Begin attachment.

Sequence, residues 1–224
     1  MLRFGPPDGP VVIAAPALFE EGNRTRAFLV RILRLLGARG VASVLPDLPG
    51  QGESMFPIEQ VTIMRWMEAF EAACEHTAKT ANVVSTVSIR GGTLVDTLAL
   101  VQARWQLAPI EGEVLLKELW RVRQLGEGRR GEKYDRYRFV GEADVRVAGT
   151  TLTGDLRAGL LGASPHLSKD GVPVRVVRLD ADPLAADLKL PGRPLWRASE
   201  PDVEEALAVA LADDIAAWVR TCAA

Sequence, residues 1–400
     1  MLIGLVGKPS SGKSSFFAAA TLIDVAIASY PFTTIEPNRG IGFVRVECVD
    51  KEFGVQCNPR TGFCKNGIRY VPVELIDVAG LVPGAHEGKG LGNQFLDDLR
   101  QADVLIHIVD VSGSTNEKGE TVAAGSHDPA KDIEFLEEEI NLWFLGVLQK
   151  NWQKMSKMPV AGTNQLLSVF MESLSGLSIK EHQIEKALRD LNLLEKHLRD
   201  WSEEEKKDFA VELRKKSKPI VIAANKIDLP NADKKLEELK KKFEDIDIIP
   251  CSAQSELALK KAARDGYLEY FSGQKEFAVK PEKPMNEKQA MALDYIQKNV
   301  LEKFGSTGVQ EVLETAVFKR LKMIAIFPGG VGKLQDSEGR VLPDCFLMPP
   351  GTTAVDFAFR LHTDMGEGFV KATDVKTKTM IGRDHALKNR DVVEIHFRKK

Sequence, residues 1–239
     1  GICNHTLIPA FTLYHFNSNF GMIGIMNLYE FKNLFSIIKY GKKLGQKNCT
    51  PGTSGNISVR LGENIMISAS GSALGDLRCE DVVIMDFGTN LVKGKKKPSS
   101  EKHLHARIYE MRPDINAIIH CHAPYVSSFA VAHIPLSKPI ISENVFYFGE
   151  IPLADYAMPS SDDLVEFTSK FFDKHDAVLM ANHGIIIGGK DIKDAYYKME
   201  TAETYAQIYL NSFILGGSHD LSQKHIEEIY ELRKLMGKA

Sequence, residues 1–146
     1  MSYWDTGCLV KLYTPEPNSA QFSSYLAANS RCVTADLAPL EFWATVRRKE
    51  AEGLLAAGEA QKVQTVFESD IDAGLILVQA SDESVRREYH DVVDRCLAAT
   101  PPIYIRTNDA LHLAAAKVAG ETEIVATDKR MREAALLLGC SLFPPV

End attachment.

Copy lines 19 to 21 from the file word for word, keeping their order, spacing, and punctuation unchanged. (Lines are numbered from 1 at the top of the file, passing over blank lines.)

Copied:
   101  EKHLHARIYE MRPDINAIIH CHAPYVSSFA VAHIPLSKPI ISENVFYFGE
   151  IPLADYAMPS SDDLVEFTSK FFDKHDAVLM ANHGIIIGGK DIKDAYYKME
   201  TAETYAQIYL NSFILGGSHD LSQKHIEEIY ELRKLMGKA